It seems like the
Law Director’s Report - no report
Engineer’s Report - no report
Mr. Knox stated the level one snow emergency means that the roadways are hazardous with blowing and drifting snow. At level two the same is true and only those who feel it is necessary to drive should be out on the roadway and you should contact your employer to see if you should report to work. Level three is all municipal, township, county and state roadways are closed to non-emergency personnel. You shouldn’t be out there and you could be arrested if you are out there.
We received a letter from Cinergy stating that they are making application for an increase in electrical distribution rates. You can read about that in your newspaper. That will take effect in January 2006 if approved.
We have two letters about the sound
walls. They will be available in my
office for anyone who would like to read them.
One is against the sound walls being proposed by the City of
Mr. Galster said the one in favor is from Mr. and Mrs. Maymir who were present at the Council meeting when the vote took place. I have received a couple of phone calls from residents, one in favor of the walls and one opposed.
COMMUNICATIONS FROM THE AUDIENCE
Mr. Wilson said I listened to the residents in the audience, but no one asked what effect it would have on residents 500 feet away or two blocks away. I think we have to take that into consideration as well. Something is going to bounce over. Council did not flat out say we did not want the walls. We asked for other options like earthen barriers.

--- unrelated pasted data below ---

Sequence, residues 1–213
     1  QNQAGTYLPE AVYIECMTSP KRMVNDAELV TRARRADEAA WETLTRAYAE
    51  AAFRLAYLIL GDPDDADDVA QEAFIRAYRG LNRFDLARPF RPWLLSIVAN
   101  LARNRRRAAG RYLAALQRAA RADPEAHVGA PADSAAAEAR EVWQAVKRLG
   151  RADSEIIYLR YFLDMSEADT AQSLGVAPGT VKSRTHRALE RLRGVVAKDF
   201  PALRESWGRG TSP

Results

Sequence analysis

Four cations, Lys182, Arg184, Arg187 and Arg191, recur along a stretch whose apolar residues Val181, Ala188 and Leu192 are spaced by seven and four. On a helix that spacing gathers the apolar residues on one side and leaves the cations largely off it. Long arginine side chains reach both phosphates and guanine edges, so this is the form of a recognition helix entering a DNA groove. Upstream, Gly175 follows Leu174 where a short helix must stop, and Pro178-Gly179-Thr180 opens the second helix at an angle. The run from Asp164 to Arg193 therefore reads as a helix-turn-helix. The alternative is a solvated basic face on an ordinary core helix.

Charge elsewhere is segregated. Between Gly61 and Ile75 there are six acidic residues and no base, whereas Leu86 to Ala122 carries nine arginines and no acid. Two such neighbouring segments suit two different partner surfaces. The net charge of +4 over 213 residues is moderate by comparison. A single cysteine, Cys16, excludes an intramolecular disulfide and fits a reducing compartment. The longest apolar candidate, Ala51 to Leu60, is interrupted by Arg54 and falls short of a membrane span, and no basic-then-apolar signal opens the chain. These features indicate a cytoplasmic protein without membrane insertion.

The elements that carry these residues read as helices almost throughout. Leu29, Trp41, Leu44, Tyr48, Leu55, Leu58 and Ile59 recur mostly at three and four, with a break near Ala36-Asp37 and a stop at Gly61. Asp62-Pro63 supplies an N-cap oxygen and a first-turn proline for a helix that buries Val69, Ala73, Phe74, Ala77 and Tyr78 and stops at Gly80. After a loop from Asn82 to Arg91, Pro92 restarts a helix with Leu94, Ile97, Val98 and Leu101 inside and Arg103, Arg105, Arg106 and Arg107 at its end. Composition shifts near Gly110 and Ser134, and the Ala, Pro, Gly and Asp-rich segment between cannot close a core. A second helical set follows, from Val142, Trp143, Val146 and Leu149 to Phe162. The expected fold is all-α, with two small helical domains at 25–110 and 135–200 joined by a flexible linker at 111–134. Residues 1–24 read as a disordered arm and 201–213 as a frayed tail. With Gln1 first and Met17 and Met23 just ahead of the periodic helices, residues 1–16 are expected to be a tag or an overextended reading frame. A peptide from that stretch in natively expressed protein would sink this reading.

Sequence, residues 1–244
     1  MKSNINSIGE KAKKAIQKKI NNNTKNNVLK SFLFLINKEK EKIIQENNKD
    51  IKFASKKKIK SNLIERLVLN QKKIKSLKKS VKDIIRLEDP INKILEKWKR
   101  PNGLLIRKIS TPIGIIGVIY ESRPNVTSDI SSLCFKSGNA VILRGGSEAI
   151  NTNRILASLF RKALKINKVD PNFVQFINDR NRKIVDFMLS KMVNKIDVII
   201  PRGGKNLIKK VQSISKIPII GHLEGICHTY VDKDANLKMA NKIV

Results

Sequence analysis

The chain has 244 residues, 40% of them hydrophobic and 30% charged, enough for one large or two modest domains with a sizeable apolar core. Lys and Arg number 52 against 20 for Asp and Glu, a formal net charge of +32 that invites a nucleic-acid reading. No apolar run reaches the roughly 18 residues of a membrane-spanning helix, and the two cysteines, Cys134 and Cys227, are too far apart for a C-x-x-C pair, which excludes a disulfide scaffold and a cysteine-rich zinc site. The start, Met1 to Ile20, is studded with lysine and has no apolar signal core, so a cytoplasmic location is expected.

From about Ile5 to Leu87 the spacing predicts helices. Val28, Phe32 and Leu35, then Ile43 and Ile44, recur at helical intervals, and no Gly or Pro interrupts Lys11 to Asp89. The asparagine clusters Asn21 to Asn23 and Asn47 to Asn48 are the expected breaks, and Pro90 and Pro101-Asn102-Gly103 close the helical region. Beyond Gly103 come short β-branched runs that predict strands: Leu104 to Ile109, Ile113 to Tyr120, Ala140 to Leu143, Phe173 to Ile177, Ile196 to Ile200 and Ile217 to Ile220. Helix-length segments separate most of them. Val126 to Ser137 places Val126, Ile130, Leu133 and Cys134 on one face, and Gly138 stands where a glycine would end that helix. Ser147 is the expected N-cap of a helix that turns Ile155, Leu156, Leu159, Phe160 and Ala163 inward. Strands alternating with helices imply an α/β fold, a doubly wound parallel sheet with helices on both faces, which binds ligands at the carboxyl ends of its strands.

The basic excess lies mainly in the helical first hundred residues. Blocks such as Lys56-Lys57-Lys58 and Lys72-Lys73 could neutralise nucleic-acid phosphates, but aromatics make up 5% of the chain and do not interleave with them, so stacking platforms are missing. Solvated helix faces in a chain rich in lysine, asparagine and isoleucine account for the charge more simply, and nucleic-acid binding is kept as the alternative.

Mr. Galster stated Ms. Walker mentioned that ODOT assured her there would be no bounce-back. My recollection was that when ODOT was here they said just the opposite. These walls have a sound absorption material that is put on at the factory. They cannot be repaired. They cannot be painted if they are damaged. This is not a sponge that will suck the sound out of the interstate, but it also does not throw it back and forth anywhere near the amount the old design did. But there are also additional problems with getting ODOT out to repair the panels if they get damaged. There are some places along I-275 where we have edge of payment, guardrail, wall. It’s a tunnel affect as you come into the SR 4 exit. There will be damage to that material if anything should fly off the road or a car accident. I’ve watched the repair history of walls regardless of surface, and it always seem to be lacking. I went to the meeting last summer. I asked the gentleman last summer if you are going to install these walls and you didn’t have to worry about financial restraints, what would you do? He said they would put them up at an angle and deflect the sound up into the air. It costs too much to put it at an angle. Just because the State or federal government decides that there is money available, I don’t necessarily agree that all of it needs to be spent. I can’t tell the State that I would like to see that money spent on education instead of sometimes sound walls that will not necessarily be effective. Eventually they will run out of money to pay for this. From what I saw from ODOT’s presentation we saw a 4 decibel reduction in what I consider their best case scenarios. That’s not a significant drop although I’ve talked to people who told me if you drop it ten percent of decibels it cuts it in half. They are looking at a five percent cut.